Heart and Mind

There is something about being a True Neutral Elf/Druid Ranger which propels me toward balance.

Today I grieved with friends whose son was murdered last weekend.  It was a random and unprovoked act and, for those whose lives are lived by rational rules, quite a difficult thing to comprehend.  He was a 22-year-old college student.

During the Catholic service, the young priest – interestingly, visiting this suburban American church from his parish in India for two months through a Church sponsored cultural exchange program – offered the customary words of comfort.  But he did more as well: he discussed how those of us left behind in this world often live superficially,  constantly seeking immediate but transitory pleasures rather than embracing the gift of our existence as a soul-filled journey.

Perhaps I am influenced by a sadness that is raw, not yet refined by the passage of time.  Could it be that this wish I hold in my heart to relieve the pain my friends are experiencing is leading me on the downward path to religion?  No, it couldn’t be so because of my deep reticence to engage in anything remotely resembling mysticism.  But the thought of living soulfully is very appealing all the same.  It is indeed something that has been skulking around in my life, in my mind, for several months.

There are left-brained people, and there are right-brained people.  Where is the whole?  When we are whole, we are able to begin to realize our potential.  And that potential is expressed in many ways.  We are wise, we are noble, and we help ourselves.  We are innovative, we are accomplished, and we are kind to other people.  It means we are completely human, not just limited to a single set of character traits or strengths but a poet and a tech geek, a musician and an engineer, a painter and a chemist.  It blurs the distinction between the halves of the brain; we are a synthesis of our creative and intelligent minds.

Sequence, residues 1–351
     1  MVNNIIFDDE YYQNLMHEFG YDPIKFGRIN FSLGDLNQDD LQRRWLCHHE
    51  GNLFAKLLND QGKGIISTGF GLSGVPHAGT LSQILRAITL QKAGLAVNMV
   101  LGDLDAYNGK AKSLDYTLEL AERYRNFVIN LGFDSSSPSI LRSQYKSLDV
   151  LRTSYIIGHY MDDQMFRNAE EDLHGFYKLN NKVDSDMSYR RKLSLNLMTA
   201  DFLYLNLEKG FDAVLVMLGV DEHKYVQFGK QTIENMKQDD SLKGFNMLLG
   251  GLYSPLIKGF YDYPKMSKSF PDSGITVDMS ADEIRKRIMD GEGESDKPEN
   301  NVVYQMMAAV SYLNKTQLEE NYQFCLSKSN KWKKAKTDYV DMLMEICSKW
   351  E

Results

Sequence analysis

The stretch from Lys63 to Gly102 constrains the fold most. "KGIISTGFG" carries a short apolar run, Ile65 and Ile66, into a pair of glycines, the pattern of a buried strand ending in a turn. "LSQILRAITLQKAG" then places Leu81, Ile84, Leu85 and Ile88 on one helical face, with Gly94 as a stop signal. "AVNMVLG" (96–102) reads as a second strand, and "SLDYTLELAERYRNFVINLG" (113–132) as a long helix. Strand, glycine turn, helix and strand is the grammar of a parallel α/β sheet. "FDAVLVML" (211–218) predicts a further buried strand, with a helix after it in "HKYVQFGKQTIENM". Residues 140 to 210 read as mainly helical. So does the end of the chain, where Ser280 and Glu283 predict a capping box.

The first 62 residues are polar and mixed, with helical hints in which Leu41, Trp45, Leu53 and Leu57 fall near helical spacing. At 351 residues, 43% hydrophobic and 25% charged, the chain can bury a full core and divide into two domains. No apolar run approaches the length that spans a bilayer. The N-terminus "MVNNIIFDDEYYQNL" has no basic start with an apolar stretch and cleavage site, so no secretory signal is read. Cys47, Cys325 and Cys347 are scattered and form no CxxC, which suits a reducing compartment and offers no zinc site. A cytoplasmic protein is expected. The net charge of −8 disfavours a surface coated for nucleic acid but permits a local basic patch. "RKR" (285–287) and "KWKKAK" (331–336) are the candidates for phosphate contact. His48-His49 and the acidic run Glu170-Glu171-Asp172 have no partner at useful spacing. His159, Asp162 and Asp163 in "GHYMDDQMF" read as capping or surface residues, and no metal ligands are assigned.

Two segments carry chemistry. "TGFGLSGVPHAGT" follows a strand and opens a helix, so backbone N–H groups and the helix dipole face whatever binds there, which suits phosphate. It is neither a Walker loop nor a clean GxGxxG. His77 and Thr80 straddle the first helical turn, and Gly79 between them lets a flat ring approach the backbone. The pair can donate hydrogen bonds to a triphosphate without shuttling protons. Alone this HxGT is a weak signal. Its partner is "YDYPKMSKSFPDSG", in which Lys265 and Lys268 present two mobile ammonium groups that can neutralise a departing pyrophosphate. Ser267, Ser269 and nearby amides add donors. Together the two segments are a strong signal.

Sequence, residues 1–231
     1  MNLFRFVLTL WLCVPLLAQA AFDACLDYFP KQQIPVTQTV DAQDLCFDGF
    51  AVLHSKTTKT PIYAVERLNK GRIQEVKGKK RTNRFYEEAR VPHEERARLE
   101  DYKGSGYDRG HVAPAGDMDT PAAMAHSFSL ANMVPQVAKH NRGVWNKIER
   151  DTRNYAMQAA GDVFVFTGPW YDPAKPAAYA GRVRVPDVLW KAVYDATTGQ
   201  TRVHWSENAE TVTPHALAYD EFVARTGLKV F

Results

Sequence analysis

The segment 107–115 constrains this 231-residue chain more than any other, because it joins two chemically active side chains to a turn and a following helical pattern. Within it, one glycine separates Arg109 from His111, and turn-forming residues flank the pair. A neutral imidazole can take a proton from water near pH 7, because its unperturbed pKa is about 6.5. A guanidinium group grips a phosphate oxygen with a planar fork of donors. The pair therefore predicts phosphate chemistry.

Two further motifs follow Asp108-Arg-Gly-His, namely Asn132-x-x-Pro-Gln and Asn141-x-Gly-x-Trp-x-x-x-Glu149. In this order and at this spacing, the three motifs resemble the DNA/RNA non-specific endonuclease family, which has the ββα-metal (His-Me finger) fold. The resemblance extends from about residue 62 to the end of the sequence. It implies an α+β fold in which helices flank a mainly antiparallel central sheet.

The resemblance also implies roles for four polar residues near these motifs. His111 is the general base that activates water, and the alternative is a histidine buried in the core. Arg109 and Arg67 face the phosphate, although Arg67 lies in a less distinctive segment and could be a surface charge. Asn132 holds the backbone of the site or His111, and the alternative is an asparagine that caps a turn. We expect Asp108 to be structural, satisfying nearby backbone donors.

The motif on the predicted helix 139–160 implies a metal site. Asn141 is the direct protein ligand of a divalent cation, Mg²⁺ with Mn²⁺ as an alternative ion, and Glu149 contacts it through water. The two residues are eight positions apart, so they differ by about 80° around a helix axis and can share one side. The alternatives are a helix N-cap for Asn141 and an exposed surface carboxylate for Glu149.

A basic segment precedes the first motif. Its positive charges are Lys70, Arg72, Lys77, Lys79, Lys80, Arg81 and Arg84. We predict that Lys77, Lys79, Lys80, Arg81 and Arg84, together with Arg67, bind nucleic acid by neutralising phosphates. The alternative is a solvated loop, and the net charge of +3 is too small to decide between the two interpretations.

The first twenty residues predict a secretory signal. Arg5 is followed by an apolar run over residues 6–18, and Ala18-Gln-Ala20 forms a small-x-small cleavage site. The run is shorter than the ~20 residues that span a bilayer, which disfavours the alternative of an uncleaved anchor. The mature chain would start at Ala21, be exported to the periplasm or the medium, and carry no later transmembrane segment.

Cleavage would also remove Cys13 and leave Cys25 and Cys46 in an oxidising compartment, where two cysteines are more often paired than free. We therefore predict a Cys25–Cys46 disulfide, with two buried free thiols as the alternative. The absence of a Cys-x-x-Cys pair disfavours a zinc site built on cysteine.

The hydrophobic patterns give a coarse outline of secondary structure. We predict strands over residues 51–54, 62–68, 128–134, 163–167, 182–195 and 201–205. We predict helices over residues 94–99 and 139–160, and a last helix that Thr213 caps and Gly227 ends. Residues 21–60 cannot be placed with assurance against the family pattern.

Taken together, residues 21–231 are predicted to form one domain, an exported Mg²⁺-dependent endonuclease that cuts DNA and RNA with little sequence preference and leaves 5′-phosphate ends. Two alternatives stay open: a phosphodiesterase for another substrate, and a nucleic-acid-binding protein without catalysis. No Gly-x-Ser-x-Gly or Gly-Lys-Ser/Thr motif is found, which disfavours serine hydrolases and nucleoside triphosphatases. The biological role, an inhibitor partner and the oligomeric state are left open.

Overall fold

And so, as Joni Mitchell said, I am a woman of heart and mind.  I am willing to take the risk and live a life that is a whole.


4 responses

  1. There is room for soul there too… spirituality lurks… I feel it within you. Maybe not as in the traditional sense, but a more authentic to you one.

  2. First and most important I am sending you, and have been sending you, lots and LOTS of hugs for I know this pain and heartache. I find myself wishing I could make it better.

    You are very right, we have to live in the “whole” and be true for only then are we truly living.

  3. Thanks for the kind words. Indeed, I am not conventionally spiritual. I find the parlance of those ilk rather unsettling, a bad fit for my mind and an unsatisfying expression of my spirit.

    I suppose I am learning to appreciate simplicity: a morning walk in the fog with Sadie, a late night talking about the mysteries of life with my husband, a lazy afternoon spent reading a book. There’s a quiet and intimacy about these experiences which lend them a nurturing quality.

  4. you are doing great ilegirl! when one is in the state of appreciating supreme simplicities of life (like the ones you have mentioned), one is doing well. this is purely from personal experience.

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